Australia's Markets Watchdog Sues Fintech Company Block Earner

The Australian Securities and Investments Commission said the company offered fixed-yield earning products that should be licensed, leaving consumers without important protections.

AccessTimeIconNov 23, 2022 at 12:32 p.m. UTC
Updated Nov 23, 2022 at 3:15 p.m. UTC

Amitoj Singh is CoinDesk's regulatory reporter covering India. He holds BTC and ETH below CoinDesk's disclosure threshold of $1,000.

Australia's markets regulator is suing Block Earner, alleging the fintech company provided unlicensed financial services.

The Australian Securities and Investments Commission (ASIC) said Block Earner offered a range of fixed-yield earning products based on crypto assets, according to a statement from the commission Wednesday. The products should have been licensed because they are a managed investment scheme, leaving "consumers without important protections," it said.

“Although we understand the backdrop, this is a disappointing outcome," said Block Earner co-founder and CEO Charlie Karaboga in a statement to Business News Australia. Karaboga said since inception, customers' funds have been protected against events like the recent collapse of crypto exchange FTX and that a lack of regulatory clarity "creates friction between regulators and innovators." The company, which has backing from crypto exchange Coinbase, didn't immediately respond to a request for comment from CoinDesk.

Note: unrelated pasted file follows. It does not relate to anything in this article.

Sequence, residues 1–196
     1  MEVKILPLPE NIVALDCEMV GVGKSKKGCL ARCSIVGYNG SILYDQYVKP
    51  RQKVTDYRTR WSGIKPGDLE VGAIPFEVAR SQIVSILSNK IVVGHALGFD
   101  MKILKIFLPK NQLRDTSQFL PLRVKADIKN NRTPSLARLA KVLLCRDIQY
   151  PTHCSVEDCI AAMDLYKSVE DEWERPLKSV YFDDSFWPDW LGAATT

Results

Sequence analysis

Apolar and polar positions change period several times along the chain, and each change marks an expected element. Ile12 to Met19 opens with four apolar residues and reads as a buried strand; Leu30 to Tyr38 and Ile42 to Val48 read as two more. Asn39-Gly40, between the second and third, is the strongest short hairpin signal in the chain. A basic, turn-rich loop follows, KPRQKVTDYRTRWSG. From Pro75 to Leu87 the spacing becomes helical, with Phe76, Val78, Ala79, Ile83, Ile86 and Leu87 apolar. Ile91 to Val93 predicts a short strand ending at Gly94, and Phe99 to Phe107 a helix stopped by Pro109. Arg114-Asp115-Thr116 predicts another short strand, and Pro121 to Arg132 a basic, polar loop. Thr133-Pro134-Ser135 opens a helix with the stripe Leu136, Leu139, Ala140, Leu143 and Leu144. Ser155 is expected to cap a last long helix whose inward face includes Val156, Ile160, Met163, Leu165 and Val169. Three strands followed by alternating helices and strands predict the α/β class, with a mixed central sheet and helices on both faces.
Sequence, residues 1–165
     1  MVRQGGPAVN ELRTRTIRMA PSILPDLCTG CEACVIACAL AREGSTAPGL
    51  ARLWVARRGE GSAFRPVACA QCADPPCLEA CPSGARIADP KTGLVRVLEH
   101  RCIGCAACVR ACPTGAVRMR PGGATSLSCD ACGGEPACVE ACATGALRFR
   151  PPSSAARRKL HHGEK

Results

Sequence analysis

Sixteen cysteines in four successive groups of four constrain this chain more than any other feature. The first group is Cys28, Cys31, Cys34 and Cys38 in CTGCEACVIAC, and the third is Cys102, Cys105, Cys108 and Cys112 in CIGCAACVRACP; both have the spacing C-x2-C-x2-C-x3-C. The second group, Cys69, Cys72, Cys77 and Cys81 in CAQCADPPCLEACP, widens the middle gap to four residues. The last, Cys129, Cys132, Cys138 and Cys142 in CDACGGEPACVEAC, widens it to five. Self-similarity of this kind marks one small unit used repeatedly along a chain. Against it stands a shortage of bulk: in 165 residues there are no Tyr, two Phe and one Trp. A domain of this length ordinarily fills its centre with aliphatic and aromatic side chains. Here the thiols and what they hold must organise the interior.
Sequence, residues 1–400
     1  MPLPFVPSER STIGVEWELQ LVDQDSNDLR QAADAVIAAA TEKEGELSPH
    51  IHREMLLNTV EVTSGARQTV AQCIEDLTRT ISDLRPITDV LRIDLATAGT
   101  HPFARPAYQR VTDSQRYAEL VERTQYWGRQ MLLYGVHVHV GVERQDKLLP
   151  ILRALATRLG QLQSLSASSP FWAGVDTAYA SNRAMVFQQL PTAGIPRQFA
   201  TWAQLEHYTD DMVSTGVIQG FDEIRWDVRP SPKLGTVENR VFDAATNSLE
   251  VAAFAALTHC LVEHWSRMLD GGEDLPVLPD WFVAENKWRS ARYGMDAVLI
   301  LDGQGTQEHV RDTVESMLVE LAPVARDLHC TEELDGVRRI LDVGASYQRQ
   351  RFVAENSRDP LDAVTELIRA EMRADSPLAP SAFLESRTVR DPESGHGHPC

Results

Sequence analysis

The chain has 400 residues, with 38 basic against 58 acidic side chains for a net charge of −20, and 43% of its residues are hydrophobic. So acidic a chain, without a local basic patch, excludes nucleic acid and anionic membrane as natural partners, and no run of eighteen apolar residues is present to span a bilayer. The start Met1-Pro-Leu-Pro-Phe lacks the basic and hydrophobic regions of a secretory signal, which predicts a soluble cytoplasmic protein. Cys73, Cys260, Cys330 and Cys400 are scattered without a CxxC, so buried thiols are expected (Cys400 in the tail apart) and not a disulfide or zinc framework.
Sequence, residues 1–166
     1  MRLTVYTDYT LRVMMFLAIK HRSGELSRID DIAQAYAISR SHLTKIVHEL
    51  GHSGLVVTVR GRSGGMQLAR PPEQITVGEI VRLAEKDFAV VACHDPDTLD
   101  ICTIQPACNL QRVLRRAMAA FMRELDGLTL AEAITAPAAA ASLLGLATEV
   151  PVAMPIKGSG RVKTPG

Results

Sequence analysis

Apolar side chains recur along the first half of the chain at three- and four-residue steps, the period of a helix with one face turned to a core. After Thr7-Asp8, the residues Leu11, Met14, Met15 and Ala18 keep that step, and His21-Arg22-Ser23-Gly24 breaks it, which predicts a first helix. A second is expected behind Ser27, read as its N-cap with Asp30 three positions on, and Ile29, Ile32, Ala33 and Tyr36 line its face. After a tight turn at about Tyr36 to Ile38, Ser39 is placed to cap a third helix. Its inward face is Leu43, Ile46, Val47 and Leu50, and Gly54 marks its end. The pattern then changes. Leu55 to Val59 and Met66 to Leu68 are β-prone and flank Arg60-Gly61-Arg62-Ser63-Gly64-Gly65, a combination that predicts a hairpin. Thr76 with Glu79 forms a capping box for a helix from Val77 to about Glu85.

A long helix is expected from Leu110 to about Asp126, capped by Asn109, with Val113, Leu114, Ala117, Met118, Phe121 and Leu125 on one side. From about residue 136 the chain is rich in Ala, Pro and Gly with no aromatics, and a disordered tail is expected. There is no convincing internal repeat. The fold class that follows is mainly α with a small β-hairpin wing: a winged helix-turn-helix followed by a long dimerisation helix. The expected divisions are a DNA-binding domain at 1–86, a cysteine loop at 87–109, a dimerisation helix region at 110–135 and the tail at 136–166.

The case isn't the first time ASIC has targeted the crypto industry. Last month, it sued BPS Financial, the company behind the qoin digital token, for running misleading ads.

"Simply because a product hinges on a crypto asset, does not mean it falls outside financial services law," ASIC Deputy Chair Sarah Court said in the statement. The regulator is seeking declarations, injunctions and pecuniary penalties. A hearing has not yet been scheduled.

Michael Bacina, a partner at law firm Piper Alderman, said the alarm around such financial products had already been sounded in the past few months. “Crypto products offering a percentage return are on a high risk of being seen to be a financial investment or managed investment scheme, even if they are structured as a loan arrangement,” he said.



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Amitoj Singh is CoinDesk's regulatory reporter covering India. He holds BTC and ETH below CoinDesk's disclosure threshold of $1,000.

CoinDesk - Unknown

Amitoj Singh is CoinDesk's regulatory reporter covering India. He holds BTC and ETH below CoinDesk's disclosure threshold of $1,000.